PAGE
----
COVID-19 stopped some LANL environmental monitoring

The state’s public health order prompted by COVID-19 has stopped some monitoring on whether and how much Los Alamos National Laboratory is releasing radioactive materials, heavy metals, and toxic chemicals into the surrounding air and water. The Department of Energy Oversight Bureau with the New Mexico Environment Department tests air, water, vegetation, and wildlife for signs of legacy waste near LANL, but COVID-19 restrictions stopped that sample collection beginning March 13. The Bureau of Hazardous Waste monitors use, storage, and movement of radioactive and hazardous waste from the lab, including the project slowing the spread of chromium-6, a carcinogen, from lab property into the water supply for Los Alamos County and San Ildefonso Pueblo, and says that project was also put on hold. While answering written questions from the Concerned Citizens for Nuclear Safety, the LANL Legacy Cleanup Technical Working Group disclosed that N3B, which manages the legacy cleanup contract for the Department of Energy, Office of Environmental Management and Los Alamos Field Office, stopped collecting water samples in March. The state is working with LANL to develop guidelines on masks, gloves, and distance to resume sampling.

ACLU spending on education in two state senate districts targeted by progressives

Two progressive Democrats, Siah Correa Hemphill and Pam Cordova, who are challenging  incumbents who lean more to the right within the Democratic party, are getting a boost in their campaign efforts. Correa Hemphill is running against incumbent Democratic state Sen. Gabriel Ramos. With her May filing report, she has outraised Ramos by $53.26. Ramos, who was appointed by Gov. Michelle Lujan Grisham to replace Lt. Gov. Howie Morales, is running his first election for the seat. The American Civil Liberties Union of New Mexico is spending $150,000 in the remaining weeks of the primary to educate voters on the fact that Ramos and state Sen. Clemente Sanchez, also a Democrat, both voted against HB 51 in 2019.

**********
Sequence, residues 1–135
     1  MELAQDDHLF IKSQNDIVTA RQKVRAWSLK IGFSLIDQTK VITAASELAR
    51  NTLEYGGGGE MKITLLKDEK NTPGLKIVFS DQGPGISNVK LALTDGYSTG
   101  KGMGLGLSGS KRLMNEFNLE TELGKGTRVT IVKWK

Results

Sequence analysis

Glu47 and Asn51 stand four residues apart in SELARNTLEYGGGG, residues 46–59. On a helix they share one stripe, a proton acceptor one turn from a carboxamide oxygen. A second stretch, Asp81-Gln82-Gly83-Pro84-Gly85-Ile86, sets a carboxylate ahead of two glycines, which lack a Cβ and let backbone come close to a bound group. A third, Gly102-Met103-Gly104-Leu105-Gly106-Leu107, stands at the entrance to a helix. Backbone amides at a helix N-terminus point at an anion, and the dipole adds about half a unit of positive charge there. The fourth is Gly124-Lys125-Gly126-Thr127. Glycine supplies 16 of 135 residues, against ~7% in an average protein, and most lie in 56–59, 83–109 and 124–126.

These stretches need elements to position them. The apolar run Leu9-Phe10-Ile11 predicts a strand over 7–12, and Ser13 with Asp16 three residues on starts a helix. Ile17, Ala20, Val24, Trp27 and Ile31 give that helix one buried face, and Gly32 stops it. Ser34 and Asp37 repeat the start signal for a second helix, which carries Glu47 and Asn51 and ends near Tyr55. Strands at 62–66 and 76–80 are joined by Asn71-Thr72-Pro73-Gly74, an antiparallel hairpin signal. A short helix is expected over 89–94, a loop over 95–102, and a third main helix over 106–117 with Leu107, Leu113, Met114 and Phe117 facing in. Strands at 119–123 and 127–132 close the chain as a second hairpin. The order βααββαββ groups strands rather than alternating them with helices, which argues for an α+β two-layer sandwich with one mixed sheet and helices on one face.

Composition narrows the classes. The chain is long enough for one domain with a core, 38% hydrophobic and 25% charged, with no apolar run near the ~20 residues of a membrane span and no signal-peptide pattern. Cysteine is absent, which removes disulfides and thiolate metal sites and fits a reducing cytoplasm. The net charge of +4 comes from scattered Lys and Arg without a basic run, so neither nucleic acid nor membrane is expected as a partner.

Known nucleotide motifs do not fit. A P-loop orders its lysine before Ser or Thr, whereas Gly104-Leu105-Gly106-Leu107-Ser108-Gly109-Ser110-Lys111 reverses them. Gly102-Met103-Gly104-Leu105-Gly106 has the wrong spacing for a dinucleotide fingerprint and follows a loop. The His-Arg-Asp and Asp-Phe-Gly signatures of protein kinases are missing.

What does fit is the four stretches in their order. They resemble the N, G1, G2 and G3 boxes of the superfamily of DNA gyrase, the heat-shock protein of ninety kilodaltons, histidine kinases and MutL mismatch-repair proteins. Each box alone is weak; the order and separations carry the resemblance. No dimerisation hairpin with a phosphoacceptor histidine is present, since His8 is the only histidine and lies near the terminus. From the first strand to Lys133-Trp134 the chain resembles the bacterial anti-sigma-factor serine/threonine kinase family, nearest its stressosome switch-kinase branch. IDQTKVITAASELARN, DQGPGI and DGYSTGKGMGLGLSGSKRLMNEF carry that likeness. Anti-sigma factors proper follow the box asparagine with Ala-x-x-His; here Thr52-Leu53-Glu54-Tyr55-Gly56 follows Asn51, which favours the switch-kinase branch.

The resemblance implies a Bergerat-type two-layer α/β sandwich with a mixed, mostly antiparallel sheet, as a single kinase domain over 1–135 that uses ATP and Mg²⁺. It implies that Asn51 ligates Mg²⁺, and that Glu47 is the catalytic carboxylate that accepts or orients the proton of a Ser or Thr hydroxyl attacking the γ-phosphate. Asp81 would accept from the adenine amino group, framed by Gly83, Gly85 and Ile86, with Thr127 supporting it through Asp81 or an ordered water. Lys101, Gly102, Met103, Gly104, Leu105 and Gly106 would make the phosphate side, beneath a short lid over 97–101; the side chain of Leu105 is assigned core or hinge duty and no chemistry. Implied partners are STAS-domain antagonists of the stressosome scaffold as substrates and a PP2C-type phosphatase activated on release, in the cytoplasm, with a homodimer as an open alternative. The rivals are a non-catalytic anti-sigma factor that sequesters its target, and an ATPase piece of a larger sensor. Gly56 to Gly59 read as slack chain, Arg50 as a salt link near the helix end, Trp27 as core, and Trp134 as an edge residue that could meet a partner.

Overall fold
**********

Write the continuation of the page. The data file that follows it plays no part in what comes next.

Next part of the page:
Tribes are leaders in wildlife management

U.S. Rep. Deb Haaland opened her speech at the recent Upper Rio Grande Wildlife Corridors Summit with a story about passenger pigeons. Once considered the most abundant bird in North America, passenger pigeon migrations were a sight to see. Potawatomi tribal leader Simon Pokagon famously described “an unbroken front [of] millions of pigeons” during a migration in 1850. “Never have my astonishment, wonder, and admiration been so stirred as when I have witnessed these birds drop from their course like meteors from heaven,” he wrote. “And now they’re extinct,” Haaland told audience members at the summit, held last month.

Tribal leaders, representatives speak to Senate

Representatives and tribal leaders from around New Mexico addressed lawmakers on the Senate floor on Wednesday. Tribal members addressed their concerns about a working relationship with the state including ways to increase revenue. The groups were invited by the Senate in an effort to fix what Democrats said was a slight by Governor Susana Martinez last week. Senate Majority Floor Leader Michael Sanchez, D-Belen, called a committee of the whole Senate and invited members of the House to attend. Sanchez told New Mexico Political Report that he asked the groups to come back after it was apparent that they were not happy.